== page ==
Forest Service officials have released the details of a long-term management plan for the Chimney Rock archaeological site, three years after President Barack Obama proclaimed the area a national monument.
Part of the national monument designation required the San Juan National Forest Service, with stakeholder input, to draft a long-term visionary management plan for the site.
“Because it had already been an archaeological area with special management emphasis, there wasn’t a ‘wholesale’ change for instance,” Pagosa District Ranger Paul Blackman said. “However, the proclamation did expand the size of it, and included acreage not previously managed. Some analysis had to be done with those areas as to how best to manage them.”
The biggest issue, Blackman said, was deciding what level of development the Forest Service and the public wanted to see there. Ultimately, the plan involves an emphasis on buildings trails, additional parking and a possible visitors center – but most invested parties wanted to see very little development beyond that.
“It’s a middle-of-the-road approach,” Blackman said.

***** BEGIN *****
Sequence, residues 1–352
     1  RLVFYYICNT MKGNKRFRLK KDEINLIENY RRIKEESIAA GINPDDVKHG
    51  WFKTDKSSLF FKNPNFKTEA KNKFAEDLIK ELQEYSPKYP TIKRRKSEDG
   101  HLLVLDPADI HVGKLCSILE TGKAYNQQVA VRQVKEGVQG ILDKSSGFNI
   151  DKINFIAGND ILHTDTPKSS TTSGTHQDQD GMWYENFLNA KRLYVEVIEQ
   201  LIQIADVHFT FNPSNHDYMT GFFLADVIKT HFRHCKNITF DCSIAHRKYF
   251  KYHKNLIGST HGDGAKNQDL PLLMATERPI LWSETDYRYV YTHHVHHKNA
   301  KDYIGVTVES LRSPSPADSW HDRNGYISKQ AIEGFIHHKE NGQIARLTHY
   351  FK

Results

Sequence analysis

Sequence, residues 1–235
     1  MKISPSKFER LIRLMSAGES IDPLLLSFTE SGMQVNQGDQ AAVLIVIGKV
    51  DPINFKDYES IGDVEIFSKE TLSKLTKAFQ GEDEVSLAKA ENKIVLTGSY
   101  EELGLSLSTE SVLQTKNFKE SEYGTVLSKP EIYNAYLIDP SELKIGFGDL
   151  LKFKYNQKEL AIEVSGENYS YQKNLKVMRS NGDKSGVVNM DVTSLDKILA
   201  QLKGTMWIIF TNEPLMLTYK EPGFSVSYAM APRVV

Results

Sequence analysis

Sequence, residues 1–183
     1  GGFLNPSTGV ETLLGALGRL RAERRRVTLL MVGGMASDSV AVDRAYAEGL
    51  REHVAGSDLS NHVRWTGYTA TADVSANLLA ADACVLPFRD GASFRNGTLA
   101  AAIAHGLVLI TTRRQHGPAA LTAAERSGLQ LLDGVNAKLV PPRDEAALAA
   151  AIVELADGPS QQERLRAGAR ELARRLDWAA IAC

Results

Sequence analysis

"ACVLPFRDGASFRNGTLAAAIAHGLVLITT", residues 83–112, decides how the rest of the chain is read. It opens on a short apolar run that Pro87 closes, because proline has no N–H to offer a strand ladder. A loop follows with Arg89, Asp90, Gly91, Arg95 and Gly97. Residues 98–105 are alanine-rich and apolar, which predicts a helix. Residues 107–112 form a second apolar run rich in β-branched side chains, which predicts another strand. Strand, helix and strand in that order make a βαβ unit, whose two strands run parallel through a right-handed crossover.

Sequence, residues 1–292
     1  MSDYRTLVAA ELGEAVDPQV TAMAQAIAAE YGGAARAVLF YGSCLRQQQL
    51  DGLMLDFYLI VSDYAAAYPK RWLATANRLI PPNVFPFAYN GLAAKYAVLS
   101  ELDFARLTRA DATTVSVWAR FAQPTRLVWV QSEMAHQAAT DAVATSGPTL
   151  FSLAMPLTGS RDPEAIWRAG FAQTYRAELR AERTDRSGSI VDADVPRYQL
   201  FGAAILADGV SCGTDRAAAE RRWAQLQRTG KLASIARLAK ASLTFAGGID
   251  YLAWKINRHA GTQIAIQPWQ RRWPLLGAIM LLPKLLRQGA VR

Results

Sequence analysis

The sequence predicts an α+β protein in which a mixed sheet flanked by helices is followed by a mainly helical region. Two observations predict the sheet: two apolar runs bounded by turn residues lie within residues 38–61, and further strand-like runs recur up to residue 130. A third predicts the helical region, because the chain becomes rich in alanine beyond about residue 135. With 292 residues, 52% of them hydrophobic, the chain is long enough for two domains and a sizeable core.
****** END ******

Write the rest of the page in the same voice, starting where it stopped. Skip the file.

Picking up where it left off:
Among the more notable decisions, grazing is no longer allowed on Peterson Ridge. Blackman said some pushback was received from ranchers, but in all, the area wasn’t heavily grazed to begin with.
The Forest Service worked with about 26 tribes in drafting the management plan, and it calls for a continuance of the traditional spiritual purposes that have been going on for years, which include ceremonies and medicinal plant gathering.
“There’s been extensive collaboration with the native tribes affiliated with the site,” Blackman said. “That was a key part of the whole process.”
No specific funding was provided by virtue of the national-monument designation, but the Forest Service did want to clear the way in terms of prioritizing should funds become available, Blackman said.
Jimbo Buickerood, public lands coordination for San Juan Citizens Alliance, said the management plan is a very good fit with the monument’s preservation.
“They found a sweet spot between having some enhancement of interpretative services, and respecting cultural resources and the landscape there,” he said. “It’s right on the mark for that.”
Also included in the plan: extension of the season; the site is closed to dispersed camping and over-snow motorized vehicles; rock climbing and other public uses are not allowed around rock spires; horses and dogs are not allowed on interpretative trails; and mountain biking is limited to designated roads.